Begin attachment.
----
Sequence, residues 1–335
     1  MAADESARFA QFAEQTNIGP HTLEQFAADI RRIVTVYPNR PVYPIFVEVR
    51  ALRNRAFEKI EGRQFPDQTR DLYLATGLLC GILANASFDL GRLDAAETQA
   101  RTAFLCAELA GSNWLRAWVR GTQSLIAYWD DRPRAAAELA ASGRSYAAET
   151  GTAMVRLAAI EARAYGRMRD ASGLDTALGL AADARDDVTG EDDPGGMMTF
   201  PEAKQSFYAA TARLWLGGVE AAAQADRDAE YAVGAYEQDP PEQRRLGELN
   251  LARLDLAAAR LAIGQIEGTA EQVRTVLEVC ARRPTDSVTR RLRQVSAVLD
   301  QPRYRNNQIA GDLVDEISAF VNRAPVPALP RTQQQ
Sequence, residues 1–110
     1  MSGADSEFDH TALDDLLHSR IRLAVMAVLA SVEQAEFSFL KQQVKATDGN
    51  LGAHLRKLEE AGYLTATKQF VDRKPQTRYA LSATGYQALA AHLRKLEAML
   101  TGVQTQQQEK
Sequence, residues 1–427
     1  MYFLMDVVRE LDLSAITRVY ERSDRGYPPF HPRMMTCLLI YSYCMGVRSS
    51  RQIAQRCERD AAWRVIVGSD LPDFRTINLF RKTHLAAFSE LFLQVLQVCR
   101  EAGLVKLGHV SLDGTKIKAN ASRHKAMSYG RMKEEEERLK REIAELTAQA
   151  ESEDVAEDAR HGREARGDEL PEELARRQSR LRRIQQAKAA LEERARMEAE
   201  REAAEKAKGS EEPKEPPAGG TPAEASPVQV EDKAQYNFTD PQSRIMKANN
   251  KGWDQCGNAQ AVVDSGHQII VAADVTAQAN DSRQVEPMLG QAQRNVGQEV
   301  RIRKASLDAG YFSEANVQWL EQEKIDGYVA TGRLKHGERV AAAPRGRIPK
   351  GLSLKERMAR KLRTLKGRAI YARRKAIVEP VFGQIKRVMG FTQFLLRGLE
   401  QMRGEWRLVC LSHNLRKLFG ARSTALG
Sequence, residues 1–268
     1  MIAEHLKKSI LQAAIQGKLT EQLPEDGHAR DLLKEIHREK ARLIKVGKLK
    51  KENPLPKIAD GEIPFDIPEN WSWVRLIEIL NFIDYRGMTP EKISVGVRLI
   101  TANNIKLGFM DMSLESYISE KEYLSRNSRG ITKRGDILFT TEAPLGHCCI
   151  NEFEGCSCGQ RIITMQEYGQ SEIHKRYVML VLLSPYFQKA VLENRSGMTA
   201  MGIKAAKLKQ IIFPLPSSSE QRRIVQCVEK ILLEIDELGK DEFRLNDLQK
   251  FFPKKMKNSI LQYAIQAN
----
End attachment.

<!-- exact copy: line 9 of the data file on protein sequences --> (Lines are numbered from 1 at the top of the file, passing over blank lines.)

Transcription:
Sequence, residues 1–110